Military explains missile defense failure
The new director of the Missile Defense Agency Vice Admiral James Syring called the test an overall failure.
The ground based missile defense system has a spotty record. The program has been around for decades. Critics dubbed it the “Star Wars program” when it was introduced during the Reagan Administration.
It’s been five years since there was a successful test.
Phil Coyle, a senior fellow with the Center for Arms Control and Non-Proliferation, once oversaw tests for the Department of Defense.
“That type of failure has occurred twice before in flight intercept tests,” he said of the most recent failure.
The Missile Defense Agency hopes to move ahead with its plan to add 14 new interceptor missiles to Fort Greely by 2017. That would bring the total in Alaska to 44.
Syring vowed the new missiles will be tested before they’re purchased, something that hasn’t always happened in the past with the ground based system.
At a hearing of the Senate Appropriations Subcommittee on Defense, Syring told Chairman Dick Durbin the country rushed to install the missile interceptor systems because of perceived threats. There are more weapons in the missile defense stable, including the more successful sea-based Aegis system.
Durbin said the government wastes money on the land based system by buying missiles before they’re proven to work. He called the move “flying before buying.”
“The deployment schedule was so demanding that there was deployment before development, deployment before proven test. And that was not the case when it came to Aegis?” he asked Syring.
“I would agree with that sir,” Syring responded.
Aegis is designed to intercept shorter-range ballistic missiles. The ground based interceptors in Alaska and California are designed to knock out long-distance missiles.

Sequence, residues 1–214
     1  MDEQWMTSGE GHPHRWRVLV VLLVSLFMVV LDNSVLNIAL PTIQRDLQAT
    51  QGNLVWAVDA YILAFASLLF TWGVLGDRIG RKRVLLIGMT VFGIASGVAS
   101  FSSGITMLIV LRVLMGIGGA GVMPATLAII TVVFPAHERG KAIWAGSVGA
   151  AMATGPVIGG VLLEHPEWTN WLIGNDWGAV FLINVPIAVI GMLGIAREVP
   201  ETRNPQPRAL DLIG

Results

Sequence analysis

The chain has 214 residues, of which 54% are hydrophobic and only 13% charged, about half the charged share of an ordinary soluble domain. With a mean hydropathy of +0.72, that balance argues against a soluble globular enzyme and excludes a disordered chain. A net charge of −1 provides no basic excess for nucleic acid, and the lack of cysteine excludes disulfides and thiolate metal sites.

Syring told the panel his agency needs to continue testing the ground-based systems.
“We cannot stop testing. We must continue to test. We cannot wait another 4.5 to 5 years to test again,” he pleaded.
Each one of those tests costs more than $200 million. The agency plans two tests in the coming years. The next would be in March – and if that’s successful, Syring said the Agency would start buying missiles for Greely.
Syring said the Pentagon decided to expand the missile field in Alaska because of threats from North Korea.
Phil Coyle said neither North Korea nor Iran has the capability of hitting the U.S. with a long-range missile yet, and if either did, it’s unlikely they’d use it.
“Both Iran and North Korea have done some reckless things, but they’re not suicidal,” he said in a Wednesday phone interview. “And if they were to attack the United States or Europe, or in the case of North Korea, Japan, that would be really suicidal. It would justify the most massive retaliation you could imagine.”
While the missiles won’t arrive at Fort Greely for some time, construction work refurbishing missile field one is expected to begin this summer.